“Let Us Breathe” mural at Calgary art park removed because it could “cause harm”

“Let Us Breathe” mural at Calgary art park removed because it could “cause harm”
Instagram / elenabushan
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A mural with a message aimed at ending the masking of children has been painted over, just days after its completion.

The image, featured in the containR Art Park in Calgary, Alberta, depicted a young girl alongside an owl carrying away a now commonly-seen blue surgical mask emblazoned with the words “Let Us Breathe” written on it.

Created by artist Elena Bushan, the piece drew the ire of those on social media in vehement support of widespread mask usage.

“People are telling me I have no heart, I don't care about elders,” Busha, an immigrant from the former Soviet republic of Moldova said in a story featured in the Calgary Herald. “My father nearly died from COVID in Europe. I'm not anti-mask or anti-vaccine. I am a mother of two kids and I am worried about children.”

Referring to a recent report from McMaster Children's Hospital that found a tripling of attempted suicides by youth over a four-month period, Bushan said that children's “mental health is deteriorating... they are breaking.”

In response, the artistic director and executive producer of Springboard Performance, the company that manages the containR park, suggested that the piece Bushan created was different from the design first proposed and approved.

“I saw [in the preview] a way we're all coming out of COVID, health in a garden and finding new ways of growth,” Springboard Performance's Nicole Mion said. “That is very different than language specific to one group's opinion about whether COVID is real, what masks do or do not and what vaccines do or not.”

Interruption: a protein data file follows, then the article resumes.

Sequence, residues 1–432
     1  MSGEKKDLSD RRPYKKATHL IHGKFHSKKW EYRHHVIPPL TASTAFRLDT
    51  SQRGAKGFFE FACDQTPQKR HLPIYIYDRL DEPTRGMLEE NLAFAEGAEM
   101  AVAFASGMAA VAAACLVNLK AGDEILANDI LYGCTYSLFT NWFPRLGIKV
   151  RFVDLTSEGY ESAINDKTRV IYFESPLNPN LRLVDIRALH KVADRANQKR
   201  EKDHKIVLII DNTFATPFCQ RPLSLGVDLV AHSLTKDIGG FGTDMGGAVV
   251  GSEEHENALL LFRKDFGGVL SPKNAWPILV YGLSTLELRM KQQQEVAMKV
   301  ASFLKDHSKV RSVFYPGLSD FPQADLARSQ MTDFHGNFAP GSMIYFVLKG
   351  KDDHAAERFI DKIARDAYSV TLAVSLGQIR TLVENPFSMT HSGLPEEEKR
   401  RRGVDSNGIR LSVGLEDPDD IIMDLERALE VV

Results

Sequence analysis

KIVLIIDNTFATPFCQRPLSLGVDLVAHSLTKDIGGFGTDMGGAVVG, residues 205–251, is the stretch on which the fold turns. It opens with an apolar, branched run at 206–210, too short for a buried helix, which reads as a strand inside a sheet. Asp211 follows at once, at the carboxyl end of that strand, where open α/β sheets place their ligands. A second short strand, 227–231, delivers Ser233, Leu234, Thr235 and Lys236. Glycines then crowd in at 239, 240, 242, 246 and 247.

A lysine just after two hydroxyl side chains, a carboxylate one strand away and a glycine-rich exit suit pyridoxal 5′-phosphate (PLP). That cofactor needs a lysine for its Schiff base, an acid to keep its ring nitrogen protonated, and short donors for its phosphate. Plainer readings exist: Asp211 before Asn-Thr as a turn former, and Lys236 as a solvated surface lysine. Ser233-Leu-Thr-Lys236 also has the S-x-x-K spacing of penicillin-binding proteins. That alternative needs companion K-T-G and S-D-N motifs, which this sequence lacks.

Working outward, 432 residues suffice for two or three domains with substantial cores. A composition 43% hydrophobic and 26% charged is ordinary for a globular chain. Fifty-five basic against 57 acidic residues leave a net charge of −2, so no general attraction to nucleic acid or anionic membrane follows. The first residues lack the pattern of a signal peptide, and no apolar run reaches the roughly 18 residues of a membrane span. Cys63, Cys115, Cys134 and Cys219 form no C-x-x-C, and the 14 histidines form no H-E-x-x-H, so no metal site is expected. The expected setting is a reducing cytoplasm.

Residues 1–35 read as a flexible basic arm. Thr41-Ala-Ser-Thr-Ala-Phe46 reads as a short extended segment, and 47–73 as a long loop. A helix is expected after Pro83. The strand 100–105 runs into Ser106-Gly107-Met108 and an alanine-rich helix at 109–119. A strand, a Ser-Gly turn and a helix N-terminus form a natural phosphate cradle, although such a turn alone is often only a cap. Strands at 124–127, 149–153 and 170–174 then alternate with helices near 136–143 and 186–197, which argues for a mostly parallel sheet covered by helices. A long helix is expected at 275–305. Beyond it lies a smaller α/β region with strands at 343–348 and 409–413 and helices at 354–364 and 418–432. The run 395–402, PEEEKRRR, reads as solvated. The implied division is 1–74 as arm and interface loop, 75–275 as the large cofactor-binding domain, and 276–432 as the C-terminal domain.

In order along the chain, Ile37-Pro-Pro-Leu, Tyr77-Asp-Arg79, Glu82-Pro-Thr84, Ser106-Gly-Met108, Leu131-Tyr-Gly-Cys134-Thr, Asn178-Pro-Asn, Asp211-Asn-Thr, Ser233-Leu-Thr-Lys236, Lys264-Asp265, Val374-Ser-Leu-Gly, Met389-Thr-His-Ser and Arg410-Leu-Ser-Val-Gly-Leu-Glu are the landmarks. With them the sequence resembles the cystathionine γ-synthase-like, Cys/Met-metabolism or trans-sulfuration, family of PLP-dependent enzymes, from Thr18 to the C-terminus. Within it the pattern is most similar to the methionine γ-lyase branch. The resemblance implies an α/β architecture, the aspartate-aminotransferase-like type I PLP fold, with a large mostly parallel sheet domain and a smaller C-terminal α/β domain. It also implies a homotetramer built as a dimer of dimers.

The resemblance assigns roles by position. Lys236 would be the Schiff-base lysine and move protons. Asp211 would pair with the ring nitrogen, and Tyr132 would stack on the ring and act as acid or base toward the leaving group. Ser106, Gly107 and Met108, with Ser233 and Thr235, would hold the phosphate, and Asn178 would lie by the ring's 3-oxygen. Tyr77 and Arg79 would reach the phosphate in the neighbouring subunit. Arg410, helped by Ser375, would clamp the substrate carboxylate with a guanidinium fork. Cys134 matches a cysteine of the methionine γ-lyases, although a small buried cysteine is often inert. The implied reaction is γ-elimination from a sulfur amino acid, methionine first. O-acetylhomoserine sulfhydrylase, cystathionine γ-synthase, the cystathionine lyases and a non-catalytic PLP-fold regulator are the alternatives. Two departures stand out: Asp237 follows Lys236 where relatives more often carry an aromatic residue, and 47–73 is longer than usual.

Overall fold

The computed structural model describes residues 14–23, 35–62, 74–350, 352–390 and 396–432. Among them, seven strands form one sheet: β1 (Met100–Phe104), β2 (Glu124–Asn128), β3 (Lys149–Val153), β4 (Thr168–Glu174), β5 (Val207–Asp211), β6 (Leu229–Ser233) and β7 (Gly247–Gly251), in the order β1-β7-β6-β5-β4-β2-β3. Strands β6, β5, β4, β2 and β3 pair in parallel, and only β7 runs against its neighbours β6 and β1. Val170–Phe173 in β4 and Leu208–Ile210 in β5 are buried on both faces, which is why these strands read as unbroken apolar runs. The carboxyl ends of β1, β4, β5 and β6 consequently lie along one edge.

Explaining why the mural had to be removed, Mion said that she was “a big believer in supporting lots of different arts and opinions,” but that in this instance “art that is dangerous is beyond the scope of what the not-for-profit people of Springboard believe in and what we do at containR.” Because she couldn't “guarantee that the mural could do no harm,” that meant it had to be removed.

A common place for art depicting various movements and issues over its 12-year history, the containR park had no qualms hosting a Black Lives Matter mural, despite numerous instances of those protests turning violent

Rebel News previously reported on a controversy in Calgary surrounding a Black Lives Matter mural that was set prominently in the city. That art project was moved to the Chinatown district in the city. 

“If the disagreement can cause harm,” Mion explained, “ethically, we can't support that.”

Bushan, however, did acknowledge that the initial proposal was slightly different from the final result, where she chose to add on the “Let Us Breathe” message to raise awareness of the difficulties children have faced during the lengthy period of restrictions placed on them. Bushan pointed toward artistic license in her defence.

“They said I can be freely expressing myself... I don't want to get into a conflict with containR. I appreciate everything they do,” she said.

Bushan offered to rectify the situation by offering to return her commission and painting over the apparently offensive message. Mion, however, said there was no remedy, and that the piece would “always represent something else.”

Having been 10 when her former homeland was plunged into civil war, Bushan described growing up in a society where the population was fearful of sharing their opinions.

Bushan worries that “we're damaging a whole generation,” adding that “not all kids are resilient. I carried my childhood trauma with me my whole life.”

“It's just a mural, it's just a painting.”

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